Came my next “frustrating” question to this friend of mine, to whom I could not directly tell that we are not getting anywhere.

For a medical professional, the hours wasted can be depressing and irritating. But since we require such persons to go through the local bureaucracies-immigration and financial-one has to keep talking to them.


We put this case study forward in our Department discussion on Product development. As we concentrated on Body imaging, I asked a colleague what was the approach of this businessman.

General Trading – came the answer.

They do not have any specific expertise and are basically agencies to trade goods. We cannot engage in these types of activities due to lack of adequate finances, authorizations and inability/insecurity of whether we will be able to retrieve our payments.

My colleague-an expatriate worker-smiled knowingly


I will repeat the question- Can an Airlines company do its own catering?

The answers will reveal the approach and how much we can develop work


Cascade effect in organizations


First Line Managers- Pygmalion Effect.


February 8, 2014 at 12:38 pm 1 comment

The past …On our Republic day-Part 2

                         The past is never the past-
                                                      William Faulkner




As I remembered the many journeys-conversations of my father to my son, the truth of Faulkner’s assertion became clearer.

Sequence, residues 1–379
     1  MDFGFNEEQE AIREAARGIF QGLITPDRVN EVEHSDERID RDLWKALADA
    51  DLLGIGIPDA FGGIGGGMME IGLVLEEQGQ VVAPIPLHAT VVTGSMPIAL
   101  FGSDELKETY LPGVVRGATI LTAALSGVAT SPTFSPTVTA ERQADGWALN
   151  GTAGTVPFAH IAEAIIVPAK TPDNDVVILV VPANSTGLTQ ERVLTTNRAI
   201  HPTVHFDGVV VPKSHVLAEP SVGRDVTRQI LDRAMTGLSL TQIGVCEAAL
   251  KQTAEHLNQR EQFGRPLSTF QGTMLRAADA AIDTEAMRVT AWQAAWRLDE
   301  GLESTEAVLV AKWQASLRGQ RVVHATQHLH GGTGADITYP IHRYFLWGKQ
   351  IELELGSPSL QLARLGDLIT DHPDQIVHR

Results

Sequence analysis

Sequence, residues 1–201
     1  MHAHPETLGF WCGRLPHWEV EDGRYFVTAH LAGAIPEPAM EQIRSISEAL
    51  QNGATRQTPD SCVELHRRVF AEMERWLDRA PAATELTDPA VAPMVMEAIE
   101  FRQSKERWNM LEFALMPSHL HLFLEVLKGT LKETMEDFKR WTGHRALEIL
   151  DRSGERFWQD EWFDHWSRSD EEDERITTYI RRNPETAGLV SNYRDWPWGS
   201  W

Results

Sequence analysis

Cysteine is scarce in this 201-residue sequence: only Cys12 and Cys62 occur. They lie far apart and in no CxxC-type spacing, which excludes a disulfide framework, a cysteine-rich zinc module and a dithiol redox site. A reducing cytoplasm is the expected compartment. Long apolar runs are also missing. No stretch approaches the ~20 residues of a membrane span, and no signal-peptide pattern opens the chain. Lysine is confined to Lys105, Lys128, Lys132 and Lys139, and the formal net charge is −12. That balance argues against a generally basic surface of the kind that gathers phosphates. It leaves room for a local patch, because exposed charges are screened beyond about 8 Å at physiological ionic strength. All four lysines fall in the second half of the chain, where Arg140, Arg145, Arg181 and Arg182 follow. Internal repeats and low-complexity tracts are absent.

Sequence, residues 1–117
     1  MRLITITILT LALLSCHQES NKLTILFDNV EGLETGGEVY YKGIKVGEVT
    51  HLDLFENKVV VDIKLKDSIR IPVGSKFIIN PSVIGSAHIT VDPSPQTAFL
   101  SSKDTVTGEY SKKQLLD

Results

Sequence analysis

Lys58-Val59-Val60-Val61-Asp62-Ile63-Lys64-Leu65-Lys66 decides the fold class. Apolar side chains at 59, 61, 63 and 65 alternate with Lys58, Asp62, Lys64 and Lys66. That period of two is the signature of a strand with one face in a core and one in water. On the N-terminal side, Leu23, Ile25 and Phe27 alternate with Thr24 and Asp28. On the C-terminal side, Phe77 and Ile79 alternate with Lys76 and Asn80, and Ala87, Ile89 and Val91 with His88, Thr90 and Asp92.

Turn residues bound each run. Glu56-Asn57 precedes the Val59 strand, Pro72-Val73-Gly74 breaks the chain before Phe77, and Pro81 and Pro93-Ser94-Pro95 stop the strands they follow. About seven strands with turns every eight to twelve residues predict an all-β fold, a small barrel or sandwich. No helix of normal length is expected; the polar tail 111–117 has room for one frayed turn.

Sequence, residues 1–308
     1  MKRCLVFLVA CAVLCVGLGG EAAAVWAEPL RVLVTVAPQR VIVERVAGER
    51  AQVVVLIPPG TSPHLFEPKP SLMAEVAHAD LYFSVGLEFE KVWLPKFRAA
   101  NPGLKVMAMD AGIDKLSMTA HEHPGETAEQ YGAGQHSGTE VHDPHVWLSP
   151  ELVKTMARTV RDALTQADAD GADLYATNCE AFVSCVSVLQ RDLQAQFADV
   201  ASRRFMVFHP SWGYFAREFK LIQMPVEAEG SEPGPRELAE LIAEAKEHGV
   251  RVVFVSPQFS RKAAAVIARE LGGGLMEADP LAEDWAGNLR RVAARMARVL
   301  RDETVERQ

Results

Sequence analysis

Around our Republic day-(India) I re-sent to my sons living in Canada a letter from a series I had written remembering my father-a doctor in the Indian army. Remembering that first post-Independence generation to a generation who is now part of Indian Diaspora was my way of trying to map journeys of a nation and its people. Rather than speeches, let us see how professionals lived, how families experienced the garden-tombs of Delhi.


Going by the writing cues of Christine Royse Niles-Jeff Goins- (write your Eulogy and write something which you know about) this blog tries to combine both

1.Eulogy- I would be remembered as a writer of details-medical Radiology and the many journeys I have mapped in

                my diaries-journals 


2.Write something you know of—- I know something about medicine, education and walks..

Some shadows in the garden tombs around Delhi are those of my family

who have walked these for four generations..

Some squirrels with whom we have shared peanuts.




Admission in medical college also introduced me to the garden-monuments of Delhi, the love of which has lasted over the decades. In the initial days of higher studies, the brilliant school students are in for a shock, as most of them are toppers in their school. Higher medical studies are very intense and getting to know the basics of anatomy, physiology, biochemistry of the human body and memorizing it is not easy. In the initial year, I continued staying in Pratap Chowk Delhi cantonment and my father helped me get into the nuances of medicine.

He had a book of anatomy by Grant, which had good illustrations. This book was the one he had studied in his own MBBS days. He also got me a Grey’s anatomy full volume.


“This is the Grey’s anatomy which I had always wanted to buy but did not have the money to buy” he told me gifting me the classic anatomy text and also revealing an intimate family detail. Later on through relatives I came to know that at one phase of his medical studies in AIIMS he had to borrow money from some relatives.
Over the years many such remarks revealed many aspirations of my father.


He saw me read Harrison’s Principles of Internal Medicine and said, ” This is the Harrison which I wanted to read more thoroughly but did not,” thus revealing the need to go deeper into the basics of a foundational text of Medicine.